Sufjan Stevens’ prodigious work ethic is to be admired. Amongst all the other plaudits raining down on the American songwriter, he simply doesn’t know when to quit. That’s how he can forge something like 2020 full length ‘The Ascension’ – kind of 80-minute display of pop maximalism that went deep on love, faith, the State of America, and the impending apocalypse – while also producing a five-disc meditative set, or the Houston Ballet commission ‘Reflections’. He puts his shoulder to the wheel.
Amongst this dizzying catalogue ‘Javelin’ treads close to his core values. At times ornate at others stark, it’s the kind of heart-swelling, fulsomely ambitious barque indie folk he’s become known for. It’s remarkable, too, that no one has overtaken him; in spite of sundry, lesser, imitators there’s a certain magic to this sound and this approach that no other artist can even come remotely close to.
‘Goodbye Evergreen’ opens the album with a pensive intake of breath, before embarking on something incredibly intimate. Love, dreams, the lingering presence of death – they’re all here, the spiralling piano inflections backed by Impressionistic choral arrangements, devastating but endlessly beautiful.
All ukulele picking and scattered overdubs, ‘A Running Start’ harks back to the sound of 2015’s ‘Carrie & Lowell’ in its striking simplicity. Softly intense as only Sufjan can truly muster, it just breaks your heart, over and over; simple, short, and profound, there’s a touch of heaven to this song.
Melodically distinct, ‘Javelin’ also ably displays Sufjan Stevens’ poetic profundity. ‘Will Anybody Ever Love Me?’ steers clear of the navel-gazing suggested by the title, the directness of his approach staring you straight in the eye. There’s a love of words here, too – would any other songwriter dare to call a song ‘Genuflecting Ghost’?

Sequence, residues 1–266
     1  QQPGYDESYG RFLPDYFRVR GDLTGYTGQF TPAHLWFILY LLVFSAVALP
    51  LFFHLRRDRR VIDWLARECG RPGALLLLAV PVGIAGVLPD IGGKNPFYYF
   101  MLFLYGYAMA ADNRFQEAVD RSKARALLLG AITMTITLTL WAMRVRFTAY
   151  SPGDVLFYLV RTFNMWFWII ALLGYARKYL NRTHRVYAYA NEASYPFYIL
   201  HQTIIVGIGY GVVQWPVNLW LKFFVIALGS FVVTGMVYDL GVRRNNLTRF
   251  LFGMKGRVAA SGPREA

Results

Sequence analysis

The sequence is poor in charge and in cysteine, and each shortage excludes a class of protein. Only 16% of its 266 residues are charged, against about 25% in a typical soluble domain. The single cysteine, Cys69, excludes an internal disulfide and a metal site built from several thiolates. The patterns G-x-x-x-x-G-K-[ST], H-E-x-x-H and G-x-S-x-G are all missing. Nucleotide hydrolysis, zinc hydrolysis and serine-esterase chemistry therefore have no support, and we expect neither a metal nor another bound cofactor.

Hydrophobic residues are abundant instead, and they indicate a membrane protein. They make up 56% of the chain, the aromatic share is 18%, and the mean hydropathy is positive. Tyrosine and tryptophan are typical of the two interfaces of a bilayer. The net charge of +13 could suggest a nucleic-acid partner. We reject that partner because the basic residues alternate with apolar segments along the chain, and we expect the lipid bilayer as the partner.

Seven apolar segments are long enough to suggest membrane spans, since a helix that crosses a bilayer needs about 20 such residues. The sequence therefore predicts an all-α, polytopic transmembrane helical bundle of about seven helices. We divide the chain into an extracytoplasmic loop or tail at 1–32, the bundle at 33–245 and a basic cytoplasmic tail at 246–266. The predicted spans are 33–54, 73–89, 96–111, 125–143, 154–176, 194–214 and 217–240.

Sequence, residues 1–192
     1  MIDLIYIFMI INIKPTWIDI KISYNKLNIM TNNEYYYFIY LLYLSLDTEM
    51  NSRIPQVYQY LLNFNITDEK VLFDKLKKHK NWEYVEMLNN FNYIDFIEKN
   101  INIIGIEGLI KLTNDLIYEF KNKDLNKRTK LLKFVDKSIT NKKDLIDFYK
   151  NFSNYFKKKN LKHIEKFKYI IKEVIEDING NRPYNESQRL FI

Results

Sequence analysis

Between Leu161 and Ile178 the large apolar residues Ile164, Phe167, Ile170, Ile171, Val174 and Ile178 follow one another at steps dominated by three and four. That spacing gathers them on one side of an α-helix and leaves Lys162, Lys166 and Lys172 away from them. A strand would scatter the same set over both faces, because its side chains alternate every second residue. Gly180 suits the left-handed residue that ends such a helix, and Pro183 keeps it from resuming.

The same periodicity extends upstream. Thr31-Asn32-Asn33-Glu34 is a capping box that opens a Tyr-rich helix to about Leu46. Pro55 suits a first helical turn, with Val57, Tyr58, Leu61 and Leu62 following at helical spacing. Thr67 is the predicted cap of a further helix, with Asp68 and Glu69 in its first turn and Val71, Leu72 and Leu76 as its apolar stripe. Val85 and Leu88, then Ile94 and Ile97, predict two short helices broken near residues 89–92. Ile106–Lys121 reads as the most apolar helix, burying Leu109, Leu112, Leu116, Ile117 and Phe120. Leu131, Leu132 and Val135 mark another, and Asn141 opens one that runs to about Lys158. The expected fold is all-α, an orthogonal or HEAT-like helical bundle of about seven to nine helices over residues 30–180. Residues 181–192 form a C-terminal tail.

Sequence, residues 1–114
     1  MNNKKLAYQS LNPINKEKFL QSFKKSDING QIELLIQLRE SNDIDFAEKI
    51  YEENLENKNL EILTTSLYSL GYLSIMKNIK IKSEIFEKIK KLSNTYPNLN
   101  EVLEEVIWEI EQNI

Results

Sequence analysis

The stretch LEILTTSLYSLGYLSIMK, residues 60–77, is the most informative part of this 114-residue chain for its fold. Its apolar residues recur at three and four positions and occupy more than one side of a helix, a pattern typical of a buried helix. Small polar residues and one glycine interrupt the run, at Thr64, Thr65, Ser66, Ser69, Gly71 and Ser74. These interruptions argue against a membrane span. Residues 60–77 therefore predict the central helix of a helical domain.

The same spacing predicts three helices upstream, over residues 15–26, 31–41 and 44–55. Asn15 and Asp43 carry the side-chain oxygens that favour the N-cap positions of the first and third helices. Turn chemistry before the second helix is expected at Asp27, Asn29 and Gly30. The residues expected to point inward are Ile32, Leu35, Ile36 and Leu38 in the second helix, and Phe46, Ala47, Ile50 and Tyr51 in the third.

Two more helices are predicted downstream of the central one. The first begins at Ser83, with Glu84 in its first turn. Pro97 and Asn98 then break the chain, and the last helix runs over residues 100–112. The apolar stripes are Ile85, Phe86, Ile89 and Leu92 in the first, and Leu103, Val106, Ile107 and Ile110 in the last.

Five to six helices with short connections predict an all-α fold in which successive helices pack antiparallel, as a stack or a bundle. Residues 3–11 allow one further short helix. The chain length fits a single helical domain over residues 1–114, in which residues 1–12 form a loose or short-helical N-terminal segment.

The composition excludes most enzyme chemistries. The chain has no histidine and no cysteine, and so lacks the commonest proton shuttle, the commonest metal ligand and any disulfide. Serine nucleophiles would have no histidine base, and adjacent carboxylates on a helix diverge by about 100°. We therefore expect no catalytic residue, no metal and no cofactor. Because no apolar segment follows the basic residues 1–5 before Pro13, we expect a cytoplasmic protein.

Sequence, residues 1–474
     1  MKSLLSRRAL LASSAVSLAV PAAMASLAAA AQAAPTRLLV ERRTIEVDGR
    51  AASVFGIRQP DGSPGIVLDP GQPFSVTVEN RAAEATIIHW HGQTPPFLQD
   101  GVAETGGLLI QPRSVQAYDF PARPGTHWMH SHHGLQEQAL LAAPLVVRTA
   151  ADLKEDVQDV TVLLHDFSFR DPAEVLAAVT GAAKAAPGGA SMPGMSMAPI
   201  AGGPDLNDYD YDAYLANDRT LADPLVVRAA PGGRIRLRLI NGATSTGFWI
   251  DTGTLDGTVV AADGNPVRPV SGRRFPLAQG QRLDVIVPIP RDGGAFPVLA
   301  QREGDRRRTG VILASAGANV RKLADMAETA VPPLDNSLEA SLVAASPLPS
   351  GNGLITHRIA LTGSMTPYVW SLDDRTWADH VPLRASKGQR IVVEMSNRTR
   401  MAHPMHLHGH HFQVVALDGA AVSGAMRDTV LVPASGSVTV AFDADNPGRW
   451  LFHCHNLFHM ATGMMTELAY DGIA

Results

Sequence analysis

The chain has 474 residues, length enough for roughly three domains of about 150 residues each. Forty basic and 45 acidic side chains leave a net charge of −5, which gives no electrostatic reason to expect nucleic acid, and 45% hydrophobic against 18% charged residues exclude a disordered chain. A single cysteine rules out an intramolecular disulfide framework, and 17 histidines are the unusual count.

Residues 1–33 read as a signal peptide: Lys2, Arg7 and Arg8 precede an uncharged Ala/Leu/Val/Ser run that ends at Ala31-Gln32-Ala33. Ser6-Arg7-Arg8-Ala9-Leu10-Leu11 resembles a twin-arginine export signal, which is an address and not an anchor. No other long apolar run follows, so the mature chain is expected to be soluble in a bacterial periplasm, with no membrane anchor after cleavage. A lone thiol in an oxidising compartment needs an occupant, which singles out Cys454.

‘Everything That Rises’ has a subtle, folky feel, at home in the catalogue of inspirations such as Vashti Bunyan or the artists he himself has inspired, such as Big Thief. As hushed as his vocal is, it also underlines his technical brilliance as a singer – those rolling inflections are worthy of Ariana Grande, albeit in an incredibly different context.
The frosted piano slivers that propel ‘My Red Little Fox’ strike straight for the heart, before giving way to the Bill Evans-esque treatment on ‘So You Are Tired’. Relishing each detail of his limited palette, restriction turns ‘Javelin’ into a feast of invention – every single aspect counts, and is allowed to come to the forefront.
It’s this instinct that allows Sufjan to construct a wonderful piece of skeletal indie rock, and then call it ‘Shit Talk’. Few songwriters could bring you along for the ride. Few songwriters would even dare.
Closing with the starry-eyed wonder of ‘There’s A World’, Sufjan seems to recall former glories, while rooting us directly in the present day. Yet its always in flux – the past few weeks have seen statements on severe issues in Sufjan Stevens’ physical health, as well as the loss of “the light of my life, my beloved partner and best friend, Evans Richardson”. An artist who has never had his troubles to seek, the wonder of Sufjan’s work has always appeared to come with a cost – advancement has been matched to loss, beauty to grief. ‘Javelin’ is an outstanding record, technically brilliant, and emotionally bewitching. I’m sure I’m not alone, though, in feeling pangs of guilt amid the enjoying. I believe there’s an old Bob Dylan quote about ‘Blood On The Tracks’ – it’s a hell of a thing, to enjoy such pain.
Words: Robin Murray